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Insider tips: Make your nursing school application pop

Your dream is to become a nurse and the only thing that stands between you and that goal is acceptance into a nursing program.

But the nursing school application process is a competitive one. According to data collected by the National League for Nursing, only 41% of BSN applicants were accepted in 2012. Of those not accepted, 23% were qualified, but still didn’t make the cut.

Why so tough?

One reason is there simply isn’t enough capacity. Nursing programs have difficulty expanding capacity, namely due to lack of clinical placements and lack of faculty.

What are the students who were turned away missing? What is it that the admissions faculty looks for?

Michelle Meiser, director of admissions at the Pennsylvania College of Health Sciences, shares her insider tips on how to get your nursing school application to rise up from that tall stack of applications.

1. Get excellent grades

Meiser says excellent math and science grades, with an SAT score > 1000 will set you apart and put you in good standing. The more science and math courses you’ve taken, the better off you’ll be. The admissions staff are looking for a high school diploma or GED (you may be nearing completion of that during the application process), with at least one biology course, one science with a lab course, two algebra units and four English units. PA College does take transfer credits, but prefers that foundational courses are taken at the college itself.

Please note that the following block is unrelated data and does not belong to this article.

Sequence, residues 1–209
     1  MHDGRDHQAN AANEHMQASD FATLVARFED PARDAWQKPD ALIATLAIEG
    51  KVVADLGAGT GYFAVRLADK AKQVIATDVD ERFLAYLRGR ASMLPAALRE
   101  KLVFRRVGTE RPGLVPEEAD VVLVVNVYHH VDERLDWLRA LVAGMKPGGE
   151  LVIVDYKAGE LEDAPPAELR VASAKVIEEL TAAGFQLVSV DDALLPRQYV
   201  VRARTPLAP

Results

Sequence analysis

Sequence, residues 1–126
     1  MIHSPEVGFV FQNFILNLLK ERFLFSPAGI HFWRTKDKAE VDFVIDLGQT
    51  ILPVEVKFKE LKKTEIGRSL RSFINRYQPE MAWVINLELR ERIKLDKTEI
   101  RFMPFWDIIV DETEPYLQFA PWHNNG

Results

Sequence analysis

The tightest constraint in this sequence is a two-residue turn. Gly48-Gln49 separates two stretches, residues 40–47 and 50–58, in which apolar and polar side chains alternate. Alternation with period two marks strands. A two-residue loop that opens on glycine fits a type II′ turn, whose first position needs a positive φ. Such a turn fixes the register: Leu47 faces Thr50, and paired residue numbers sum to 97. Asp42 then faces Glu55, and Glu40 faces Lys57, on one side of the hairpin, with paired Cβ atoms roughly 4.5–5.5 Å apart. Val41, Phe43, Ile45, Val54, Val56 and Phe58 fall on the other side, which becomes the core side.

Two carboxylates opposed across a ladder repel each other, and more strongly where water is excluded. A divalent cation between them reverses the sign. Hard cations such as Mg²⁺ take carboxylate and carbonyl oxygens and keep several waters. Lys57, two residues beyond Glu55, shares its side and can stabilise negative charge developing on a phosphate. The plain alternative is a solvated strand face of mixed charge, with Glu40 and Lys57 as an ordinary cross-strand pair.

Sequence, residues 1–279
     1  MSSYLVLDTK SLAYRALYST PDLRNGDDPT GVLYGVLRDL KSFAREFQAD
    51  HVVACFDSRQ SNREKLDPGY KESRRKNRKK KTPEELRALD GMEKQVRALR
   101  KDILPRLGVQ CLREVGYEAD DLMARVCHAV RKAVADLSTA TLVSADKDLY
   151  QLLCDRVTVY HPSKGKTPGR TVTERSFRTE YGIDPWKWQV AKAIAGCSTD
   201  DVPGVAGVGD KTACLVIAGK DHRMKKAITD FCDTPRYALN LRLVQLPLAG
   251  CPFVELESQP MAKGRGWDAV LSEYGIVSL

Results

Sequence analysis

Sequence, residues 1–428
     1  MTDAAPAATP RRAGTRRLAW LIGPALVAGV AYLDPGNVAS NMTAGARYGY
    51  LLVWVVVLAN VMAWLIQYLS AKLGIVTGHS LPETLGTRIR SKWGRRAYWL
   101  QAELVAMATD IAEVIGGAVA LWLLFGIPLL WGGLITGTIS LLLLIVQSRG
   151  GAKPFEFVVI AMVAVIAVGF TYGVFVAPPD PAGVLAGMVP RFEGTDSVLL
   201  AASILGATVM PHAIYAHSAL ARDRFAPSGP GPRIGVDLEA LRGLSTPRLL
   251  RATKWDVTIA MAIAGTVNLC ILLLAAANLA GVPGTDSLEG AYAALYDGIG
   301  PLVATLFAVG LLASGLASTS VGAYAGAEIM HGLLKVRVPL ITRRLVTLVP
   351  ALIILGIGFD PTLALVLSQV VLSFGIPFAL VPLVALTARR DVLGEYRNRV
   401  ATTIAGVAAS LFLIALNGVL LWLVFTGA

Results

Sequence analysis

2. Show extracurricular involvement

Participation in athletics, student government, other clubs and activities shows motivation, a commitment to personal growth and leadership potential.

3. Have volunteer experience

Volunteering — particularly in areas related to the hospital or healthcare setting — shows that you’ve done some research on nursing and know experientially that nursing will be a good fit for you. Meiser strongly encourages the prospective applicant to use this in your application essay when explaining why you want to be a nurse. She recommends volunteering in different areas of the hospital to broaden your knowledge of various specialties and to learn from as many nurses as you can. If a student finds nursing isn’t a good fit, he or she might find something else in the healthcare setting that is.

If you don’t get accepted

Talk with the admissions department to find out what prevented your application acceptance. This can help you come up with a plan of action to put you in a better position for acceptance if you decide to apply again. If grades in the maths and sciences are an issue, Meiser suggests taking a class at a community college to improve your grade (aiming for B or higher).

Good luck, students — the nursing profession needs you!

 

 

By | 2015-04-16T05:00:50-04:00 April 16th, 2015|Categories: Archived|0 Comments

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